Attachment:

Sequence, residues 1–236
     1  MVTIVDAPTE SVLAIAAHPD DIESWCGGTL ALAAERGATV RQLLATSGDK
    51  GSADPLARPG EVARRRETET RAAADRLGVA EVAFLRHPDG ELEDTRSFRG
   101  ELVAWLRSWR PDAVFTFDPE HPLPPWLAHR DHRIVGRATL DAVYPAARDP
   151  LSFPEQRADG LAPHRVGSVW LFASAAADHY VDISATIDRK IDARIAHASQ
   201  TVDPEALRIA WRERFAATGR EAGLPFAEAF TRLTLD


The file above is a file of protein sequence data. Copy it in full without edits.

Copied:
Sequence, residues 1–236
     1  MVTIVDAPTE SVLAIAAHPD DIESWCGGTL ALAAERGATV RQLLATSGDK
    51  GSADPLARPG EVARRRETET RAAADRLGVA EVAFLRHPDG ELEDTRSFRG
   101  ELVAWLRSWR PDAVFTFDPE HPLPPWLAHR DHRIVGRATL DAVYPAARDP
   151  LSFPEQRADG LAPHRVGSVW LFASAAADHY VDISATIDRK IDARIAHASQ
   201  TVDPEALRIA WRERFAATGR EAGLPFAEAF TRLTLD